IT resources provide shared tools to manage the planning process timeline and activities, support decision making, provide online documentation of the strategy and communicate the finalized plan. Best practice is to leverage IT to follow up on implementation, with the following key benefits: consistency and quality of data gathering is enhanced, and information is selectively available to all employees. As a result, it is more likely to be used, and the cycle time to conduct manual activities is reduced. Best practice also offers systems that provide information at an aggregate level to corporate functions and at a detailed level to business units – preferably in a format that managers can query.

IT also supports communication of ongoing results and the follow-up activities after implementation – not just scattershot but via structured communication that is tailored to the ways that the organization communicates most effectively. The cost effectiveness of electronic communication can make the broadest access to relevant information relatively easy.


Organizational alignment can be a powerful tool for changing behavior and achieving sought after performance. While most would agree that managers want to “do the right thing,” misalignment prevents optimal performance by diffusing focus and undermining process credibility.

Organizations need to align people and management systems with the execution of a selected business strategy. To achieve this end, companies are investing in thoughtfully designed communication programs, with the premise that “more communication is better,” and the resources to communicate about strategic objectives almost continuously. They are also investing in formal programs for tracking actual results against long-term performance commitments, sharing that information appropriately throughout the organization, and creating accountability.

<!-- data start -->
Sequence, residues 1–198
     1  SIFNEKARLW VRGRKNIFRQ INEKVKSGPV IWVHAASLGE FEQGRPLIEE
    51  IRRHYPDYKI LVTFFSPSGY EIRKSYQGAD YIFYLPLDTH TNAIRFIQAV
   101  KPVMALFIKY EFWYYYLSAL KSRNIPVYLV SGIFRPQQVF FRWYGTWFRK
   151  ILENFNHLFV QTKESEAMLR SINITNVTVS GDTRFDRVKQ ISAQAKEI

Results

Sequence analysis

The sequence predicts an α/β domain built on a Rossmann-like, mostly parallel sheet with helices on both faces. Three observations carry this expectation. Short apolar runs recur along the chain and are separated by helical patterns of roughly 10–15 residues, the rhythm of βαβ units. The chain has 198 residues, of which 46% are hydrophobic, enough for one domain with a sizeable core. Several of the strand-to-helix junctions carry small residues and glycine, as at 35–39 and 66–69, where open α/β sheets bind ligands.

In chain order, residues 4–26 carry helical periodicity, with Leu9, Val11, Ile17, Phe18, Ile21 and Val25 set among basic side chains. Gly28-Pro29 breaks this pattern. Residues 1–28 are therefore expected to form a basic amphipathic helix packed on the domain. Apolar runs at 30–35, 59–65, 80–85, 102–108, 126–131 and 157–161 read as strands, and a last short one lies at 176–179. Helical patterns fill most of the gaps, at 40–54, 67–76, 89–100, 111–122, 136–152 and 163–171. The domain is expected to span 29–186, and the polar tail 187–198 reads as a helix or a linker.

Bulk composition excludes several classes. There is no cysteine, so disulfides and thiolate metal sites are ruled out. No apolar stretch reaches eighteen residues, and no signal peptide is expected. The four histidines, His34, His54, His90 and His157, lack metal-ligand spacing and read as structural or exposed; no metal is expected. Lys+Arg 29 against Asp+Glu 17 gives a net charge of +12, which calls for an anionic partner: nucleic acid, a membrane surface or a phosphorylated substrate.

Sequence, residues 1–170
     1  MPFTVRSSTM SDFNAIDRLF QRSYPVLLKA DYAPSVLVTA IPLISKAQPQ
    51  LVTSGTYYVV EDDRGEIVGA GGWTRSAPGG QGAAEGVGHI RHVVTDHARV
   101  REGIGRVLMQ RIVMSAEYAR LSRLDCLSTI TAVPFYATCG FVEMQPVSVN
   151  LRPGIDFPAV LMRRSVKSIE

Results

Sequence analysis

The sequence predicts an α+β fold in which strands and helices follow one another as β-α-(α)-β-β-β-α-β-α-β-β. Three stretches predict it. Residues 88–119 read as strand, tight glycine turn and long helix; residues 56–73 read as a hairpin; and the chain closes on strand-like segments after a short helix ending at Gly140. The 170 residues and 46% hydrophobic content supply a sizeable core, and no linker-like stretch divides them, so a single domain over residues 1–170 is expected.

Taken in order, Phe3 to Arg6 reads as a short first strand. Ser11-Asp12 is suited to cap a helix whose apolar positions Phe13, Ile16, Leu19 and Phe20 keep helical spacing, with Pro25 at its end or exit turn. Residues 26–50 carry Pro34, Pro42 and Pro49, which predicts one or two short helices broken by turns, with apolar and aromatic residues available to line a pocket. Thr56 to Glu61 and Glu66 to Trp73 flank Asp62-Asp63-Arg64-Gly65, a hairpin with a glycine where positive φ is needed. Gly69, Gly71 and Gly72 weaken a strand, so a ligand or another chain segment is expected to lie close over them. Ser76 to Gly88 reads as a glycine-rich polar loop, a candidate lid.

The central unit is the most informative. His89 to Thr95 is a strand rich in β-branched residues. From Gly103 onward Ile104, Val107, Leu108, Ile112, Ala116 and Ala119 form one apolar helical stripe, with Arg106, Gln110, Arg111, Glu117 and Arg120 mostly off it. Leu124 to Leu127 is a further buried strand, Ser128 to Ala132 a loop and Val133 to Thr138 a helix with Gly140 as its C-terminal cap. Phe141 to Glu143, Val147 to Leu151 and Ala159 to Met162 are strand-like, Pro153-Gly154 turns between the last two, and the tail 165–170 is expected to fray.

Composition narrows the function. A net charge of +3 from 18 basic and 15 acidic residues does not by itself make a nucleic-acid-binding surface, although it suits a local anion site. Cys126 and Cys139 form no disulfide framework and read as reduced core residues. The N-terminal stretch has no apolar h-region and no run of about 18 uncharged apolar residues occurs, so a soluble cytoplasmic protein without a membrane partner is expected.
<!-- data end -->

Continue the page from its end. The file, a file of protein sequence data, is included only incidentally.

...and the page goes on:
Assuming that an effective communication plan is in place, strategic programming should include three elements:

  1. Approving a strategic initiative should be viewed as the management team agreeing to a two-way performance contract. That is, resource commitments will be met by the company as long as results are on track. The execution of the business strategy should be generously rewarded, while the failure to deliver contracted results should have real consequences to the responsible group.
  2. Performance and resource contracts should identify key action steps, milestones, accountabilities and multi-year performance goals. Be specific.
  3. Making a direct link between strategic initiative milestones and incentives ensures realistic performance targets and spurs successful execution. Programs for organizational alignment are too often seen as an afterthought, or as being outside the scope of strategy work. Yet, for the top performing organizations we studied, this programming was an essential phase of the strategic planning process.


SDR Ventures’ Consulting Division is prepared to help you create a robust, dynamic and successful strategic planning process that can provide for sustainable competitive advantage, more rapid growth and improvement in shareholder value. Call us so that we can listen and better understand your goals and help you design a process that works for you.

Additional Services

SDR specializes in complex M&A transactions and sell-side advisory, and our process is designed to identify the right buyer for your business. Learn More
If you are seeking to grow your company through a well-planned acquisition, SDR’s proven buy-side search process can help. Learn More
Our expert guides will assist you in creating, evaluating and executing a capital strategy that is optimal for your business. We’ll help you implement a capital stack that supports your shareholders’ goals and facilitates growth. Learn More


For further information regarding SDR’s strategic consulting capabilities, please contact:

Gary Miller - Strategic Business PlanningGary Miller
Managing Director, Consulting Division
p. 720.221.9220